More and more people with depression are seeking professional help, which is a positive development, according to psychology professor Peter de Jonge. However, it becomes a cause for concern if it means that these people feel less responsible for their own recovery.
Ellen DeGeneres, René van der Gijp, Jim Carrey, and Prince Harry are just a few examples of celebrities who have talked about their depression in the media in recent years. This trend is also visible on social media, where people are more open about their depression. While this is a positive development, according to Peter de Jonge − a professor of psychology and an expert in mental disorders − there is also a downside: as the stigma around depression decreases, people are more likely to seek help from mental health services, which is a concern given the long waiting lists.
De Jonge explains: "In recent years, it has become easier to talk about mental health issues. That's great. But at the same time, we see that people are more likely to seek professional help and feel less responsible for their own recovery as a result. In the past, people used to think: I have a problem and I need to accept it or do something about it. Now they think: I have depression, so I need to seek help. This increased demand for help brings with it societal costs."
In the past, people used to think: I have a problem and I need to accept it or do something about it. Now they think: I have depression, so I need to seek help.
According to De Jonge, the increased demand for help is also due to the medicalization of depression. "A popular belief is that depression is caused by a chemical imbalance in your brain. This means it's not your 'fault,' and you can solve it with pills." However, De Jonge thinks this oversimplifies the issue. "There is usually not one cause for mental health issues. Moreover, the context also plays an important role. During stressful transitions such as the birth of your first child or getting a new job, you are at higher risk."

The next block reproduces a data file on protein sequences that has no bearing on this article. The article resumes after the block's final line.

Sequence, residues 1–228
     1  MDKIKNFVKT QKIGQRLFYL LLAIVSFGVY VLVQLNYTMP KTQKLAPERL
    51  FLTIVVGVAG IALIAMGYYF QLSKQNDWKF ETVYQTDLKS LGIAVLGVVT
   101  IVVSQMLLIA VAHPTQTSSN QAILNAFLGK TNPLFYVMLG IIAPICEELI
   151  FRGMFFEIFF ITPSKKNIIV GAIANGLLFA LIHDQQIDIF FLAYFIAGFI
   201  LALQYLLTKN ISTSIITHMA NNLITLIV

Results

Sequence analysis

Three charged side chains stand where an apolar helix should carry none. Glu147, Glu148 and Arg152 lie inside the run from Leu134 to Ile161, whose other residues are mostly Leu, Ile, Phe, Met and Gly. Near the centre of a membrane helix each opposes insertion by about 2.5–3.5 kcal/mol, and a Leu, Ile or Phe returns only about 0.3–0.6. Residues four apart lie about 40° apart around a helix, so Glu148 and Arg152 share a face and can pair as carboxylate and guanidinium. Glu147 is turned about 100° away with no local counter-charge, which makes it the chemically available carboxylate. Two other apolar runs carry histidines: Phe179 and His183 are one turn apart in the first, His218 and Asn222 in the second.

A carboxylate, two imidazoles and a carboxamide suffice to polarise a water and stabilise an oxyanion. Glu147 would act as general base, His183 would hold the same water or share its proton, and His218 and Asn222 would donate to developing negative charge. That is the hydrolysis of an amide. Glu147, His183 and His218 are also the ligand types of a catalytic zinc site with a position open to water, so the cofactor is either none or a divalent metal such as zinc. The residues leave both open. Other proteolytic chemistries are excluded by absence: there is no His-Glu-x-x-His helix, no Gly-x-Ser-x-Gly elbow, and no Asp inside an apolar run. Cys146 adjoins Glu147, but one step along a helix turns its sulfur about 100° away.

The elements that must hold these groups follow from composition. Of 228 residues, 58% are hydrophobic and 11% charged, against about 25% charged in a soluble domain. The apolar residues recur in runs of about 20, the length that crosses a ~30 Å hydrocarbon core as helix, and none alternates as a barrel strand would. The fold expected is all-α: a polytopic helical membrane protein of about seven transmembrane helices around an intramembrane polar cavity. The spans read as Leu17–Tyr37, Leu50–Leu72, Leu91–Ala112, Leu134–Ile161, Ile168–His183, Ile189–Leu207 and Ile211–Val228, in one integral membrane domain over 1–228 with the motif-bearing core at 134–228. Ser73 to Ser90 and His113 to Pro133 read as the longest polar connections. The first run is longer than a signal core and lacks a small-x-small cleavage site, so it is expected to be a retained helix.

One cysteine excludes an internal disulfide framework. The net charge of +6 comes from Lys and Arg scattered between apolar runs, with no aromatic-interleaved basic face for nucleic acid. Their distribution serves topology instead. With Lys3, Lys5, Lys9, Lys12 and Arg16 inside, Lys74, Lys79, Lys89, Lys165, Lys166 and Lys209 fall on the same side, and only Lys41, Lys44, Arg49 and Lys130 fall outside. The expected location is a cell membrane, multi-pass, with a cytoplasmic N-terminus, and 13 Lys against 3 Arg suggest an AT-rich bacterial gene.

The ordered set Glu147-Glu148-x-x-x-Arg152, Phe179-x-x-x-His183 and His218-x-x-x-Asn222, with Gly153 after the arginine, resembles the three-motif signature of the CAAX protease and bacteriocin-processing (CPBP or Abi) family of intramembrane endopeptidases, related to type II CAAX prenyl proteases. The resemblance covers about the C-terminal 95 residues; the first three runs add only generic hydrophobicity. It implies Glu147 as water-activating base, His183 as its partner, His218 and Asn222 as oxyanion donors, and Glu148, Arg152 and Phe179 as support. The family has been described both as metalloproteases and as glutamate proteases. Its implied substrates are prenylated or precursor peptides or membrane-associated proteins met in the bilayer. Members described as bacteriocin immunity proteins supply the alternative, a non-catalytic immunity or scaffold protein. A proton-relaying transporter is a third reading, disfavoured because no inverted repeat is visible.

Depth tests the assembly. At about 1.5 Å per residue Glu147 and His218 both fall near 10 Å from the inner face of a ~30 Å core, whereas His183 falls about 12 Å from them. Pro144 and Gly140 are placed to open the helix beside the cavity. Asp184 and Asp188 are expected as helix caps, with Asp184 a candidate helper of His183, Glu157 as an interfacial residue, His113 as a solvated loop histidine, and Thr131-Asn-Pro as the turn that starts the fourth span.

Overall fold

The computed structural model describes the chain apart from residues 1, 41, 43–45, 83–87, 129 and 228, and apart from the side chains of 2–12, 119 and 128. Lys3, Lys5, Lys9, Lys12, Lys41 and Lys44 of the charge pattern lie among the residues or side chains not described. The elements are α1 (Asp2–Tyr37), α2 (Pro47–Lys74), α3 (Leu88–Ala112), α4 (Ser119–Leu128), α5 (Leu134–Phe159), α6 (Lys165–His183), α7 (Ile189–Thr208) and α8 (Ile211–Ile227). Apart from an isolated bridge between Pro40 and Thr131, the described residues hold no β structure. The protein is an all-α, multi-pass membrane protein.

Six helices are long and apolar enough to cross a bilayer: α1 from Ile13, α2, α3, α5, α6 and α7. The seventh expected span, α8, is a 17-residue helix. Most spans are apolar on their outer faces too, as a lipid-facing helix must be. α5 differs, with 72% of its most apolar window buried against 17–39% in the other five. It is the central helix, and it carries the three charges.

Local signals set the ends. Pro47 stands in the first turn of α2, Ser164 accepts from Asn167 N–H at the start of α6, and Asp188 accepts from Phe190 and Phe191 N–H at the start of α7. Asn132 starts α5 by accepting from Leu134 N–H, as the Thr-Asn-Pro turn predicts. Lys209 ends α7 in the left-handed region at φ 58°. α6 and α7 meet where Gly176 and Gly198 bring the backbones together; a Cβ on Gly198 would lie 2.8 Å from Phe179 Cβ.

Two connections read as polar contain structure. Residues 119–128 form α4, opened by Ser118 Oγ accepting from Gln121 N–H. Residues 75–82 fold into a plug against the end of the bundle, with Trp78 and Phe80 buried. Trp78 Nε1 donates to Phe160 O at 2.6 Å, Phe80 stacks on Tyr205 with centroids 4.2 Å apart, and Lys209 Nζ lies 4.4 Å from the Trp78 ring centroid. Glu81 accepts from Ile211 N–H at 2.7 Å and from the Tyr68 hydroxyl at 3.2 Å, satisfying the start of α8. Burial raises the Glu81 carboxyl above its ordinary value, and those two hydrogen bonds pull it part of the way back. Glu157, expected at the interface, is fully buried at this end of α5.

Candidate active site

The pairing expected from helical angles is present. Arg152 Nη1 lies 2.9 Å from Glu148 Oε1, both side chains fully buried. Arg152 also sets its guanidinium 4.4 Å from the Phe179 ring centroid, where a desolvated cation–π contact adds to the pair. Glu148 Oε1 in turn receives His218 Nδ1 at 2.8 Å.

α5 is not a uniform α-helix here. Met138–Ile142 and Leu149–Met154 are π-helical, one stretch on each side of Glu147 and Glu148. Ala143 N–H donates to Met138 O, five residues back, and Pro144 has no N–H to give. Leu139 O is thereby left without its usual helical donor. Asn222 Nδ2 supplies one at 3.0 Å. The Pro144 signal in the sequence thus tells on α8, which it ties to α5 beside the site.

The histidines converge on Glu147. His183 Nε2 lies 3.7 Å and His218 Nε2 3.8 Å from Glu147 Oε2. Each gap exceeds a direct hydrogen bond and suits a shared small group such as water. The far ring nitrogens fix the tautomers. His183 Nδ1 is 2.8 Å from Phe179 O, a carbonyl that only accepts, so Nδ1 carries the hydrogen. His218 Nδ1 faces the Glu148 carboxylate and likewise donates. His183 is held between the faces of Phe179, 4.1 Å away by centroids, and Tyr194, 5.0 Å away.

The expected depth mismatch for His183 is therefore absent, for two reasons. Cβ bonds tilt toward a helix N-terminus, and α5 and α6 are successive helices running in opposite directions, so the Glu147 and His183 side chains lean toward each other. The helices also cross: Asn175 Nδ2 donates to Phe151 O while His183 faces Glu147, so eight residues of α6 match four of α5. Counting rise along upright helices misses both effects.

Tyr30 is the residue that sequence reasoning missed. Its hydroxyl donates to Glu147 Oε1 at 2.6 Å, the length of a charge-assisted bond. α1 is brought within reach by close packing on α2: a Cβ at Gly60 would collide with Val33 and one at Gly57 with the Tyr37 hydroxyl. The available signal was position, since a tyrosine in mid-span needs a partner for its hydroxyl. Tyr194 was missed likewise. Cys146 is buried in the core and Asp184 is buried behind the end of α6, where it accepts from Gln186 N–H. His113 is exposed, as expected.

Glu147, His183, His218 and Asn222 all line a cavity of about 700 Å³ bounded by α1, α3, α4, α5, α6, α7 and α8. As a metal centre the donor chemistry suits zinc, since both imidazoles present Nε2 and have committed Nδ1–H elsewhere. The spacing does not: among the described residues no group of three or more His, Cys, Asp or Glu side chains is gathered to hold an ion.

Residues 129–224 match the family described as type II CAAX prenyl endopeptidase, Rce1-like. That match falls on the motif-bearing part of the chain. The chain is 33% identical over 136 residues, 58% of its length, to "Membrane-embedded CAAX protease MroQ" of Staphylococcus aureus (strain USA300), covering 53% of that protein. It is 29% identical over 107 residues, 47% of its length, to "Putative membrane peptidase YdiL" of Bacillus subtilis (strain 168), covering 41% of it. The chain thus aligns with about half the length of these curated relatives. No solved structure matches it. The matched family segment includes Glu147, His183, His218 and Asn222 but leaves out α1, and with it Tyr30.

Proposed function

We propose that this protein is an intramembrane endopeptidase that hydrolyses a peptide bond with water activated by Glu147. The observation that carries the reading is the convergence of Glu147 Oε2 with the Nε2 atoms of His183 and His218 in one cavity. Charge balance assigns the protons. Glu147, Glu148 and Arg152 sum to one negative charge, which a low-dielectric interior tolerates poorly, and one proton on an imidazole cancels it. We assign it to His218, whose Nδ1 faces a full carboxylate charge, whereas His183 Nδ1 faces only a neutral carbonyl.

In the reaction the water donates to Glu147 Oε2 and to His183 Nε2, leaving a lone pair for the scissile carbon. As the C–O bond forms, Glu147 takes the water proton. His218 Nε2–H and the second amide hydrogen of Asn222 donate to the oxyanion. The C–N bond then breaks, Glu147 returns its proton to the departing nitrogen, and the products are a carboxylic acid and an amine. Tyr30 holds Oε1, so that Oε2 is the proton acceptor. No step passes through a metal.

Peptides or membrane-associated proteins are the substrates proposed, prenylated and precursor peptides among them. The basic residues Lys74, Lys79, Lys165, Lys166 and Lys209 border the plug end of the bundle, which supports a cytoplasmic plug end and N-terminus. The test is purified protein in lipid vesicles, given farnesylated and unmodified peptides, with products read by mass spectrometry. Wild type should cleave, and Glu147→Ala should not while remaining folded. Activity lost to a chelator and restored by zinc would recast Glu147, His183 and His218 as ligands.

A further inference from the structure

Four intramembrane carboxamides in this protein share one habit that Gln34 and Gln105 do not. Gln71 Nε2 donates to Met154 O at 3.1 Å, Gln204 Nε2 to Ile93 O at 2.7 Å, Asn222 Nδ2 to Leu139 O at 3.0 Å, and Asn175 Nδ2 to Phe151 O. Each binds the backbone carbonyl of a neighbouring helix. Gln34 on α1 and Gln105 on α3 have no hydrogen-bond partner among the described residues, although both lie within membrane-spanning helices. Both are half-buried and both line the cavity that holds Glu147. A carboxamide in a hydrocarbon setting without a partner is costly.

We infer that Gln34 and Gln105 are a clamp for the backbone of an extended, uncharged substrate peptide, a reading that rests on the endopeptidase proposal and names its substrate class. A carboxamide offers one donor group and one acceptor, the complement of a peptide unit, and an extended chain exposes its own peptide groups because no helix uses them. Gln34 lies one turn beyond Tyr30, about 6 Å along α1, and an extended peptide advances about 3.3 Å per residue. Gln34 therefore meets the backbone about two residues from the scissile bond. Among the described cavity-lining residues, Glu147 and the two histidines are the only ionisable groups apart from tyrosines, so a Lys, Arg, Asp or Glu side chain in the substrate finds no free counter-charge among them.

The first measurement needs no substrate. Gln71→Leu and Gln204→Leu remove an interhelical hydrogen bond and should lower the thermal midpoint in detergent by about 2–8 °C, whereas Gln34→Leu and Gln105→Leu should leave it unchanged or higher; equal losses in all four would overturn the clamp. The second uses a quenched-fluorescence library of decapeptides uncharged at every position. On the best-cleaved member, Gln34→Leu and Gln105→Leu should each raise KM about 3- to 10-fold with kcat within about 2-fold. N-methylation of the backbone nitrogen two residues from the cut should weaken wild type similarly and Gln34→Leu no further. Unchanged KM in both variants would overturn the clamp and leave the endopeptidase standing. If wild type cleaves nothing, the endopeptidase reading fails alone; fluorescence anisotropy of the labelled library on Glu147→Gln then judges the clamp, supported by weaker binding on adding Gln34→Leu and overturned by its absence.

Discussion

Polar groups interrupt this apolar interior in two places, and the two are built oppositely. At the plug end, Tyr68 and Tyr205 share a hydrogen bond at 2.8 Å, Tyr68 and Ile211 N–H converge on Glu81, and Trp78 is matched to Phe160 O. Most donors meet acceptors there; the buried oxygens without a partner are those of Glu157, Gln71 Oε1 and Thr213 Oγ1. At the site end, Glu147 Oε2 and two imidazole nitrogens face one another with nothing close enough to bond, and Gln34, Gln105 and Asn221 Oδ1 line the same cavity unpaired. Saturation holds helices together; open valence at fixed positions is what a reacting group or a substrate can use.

If you see depression purely as a medical problem over which you have little control, you are missing an important signal, according to De Jonge. Namely, the signal that something needs to change. "Ideally, your emotions should tell you what's not going well in your life." De Jonge advises people who are depressed to carefully examine the underlying problem and see if there is anything they can do about it, "no matter how difficult and painful that may be."
Ideally, your emotions should tell you what's not going well in your life.
De Jonge explains: "Many people, for example, suffer from climate stress. You can't solve that by saying, 'Here's a pill, now you won't be stressed about the climate anymore.' It's better to ask yourself questions such as: Is my reaction proportional? How can I still enjoy life? And perhaps the most important question: what can I do to contribute to the climate?"
Professional care is certainly necessary in certain situations, but people with depression can also do things themselves to reduce their symptoms, says De Jonge. Additionally, he sees an important role for the environment of the person who is depressed. "Your family and friends sometimes see the situation much more clearly than you do. When we help each other, it's also more manageable than when everything ends up in formal care. After all, mental disorders are both a personal and a societal problem."
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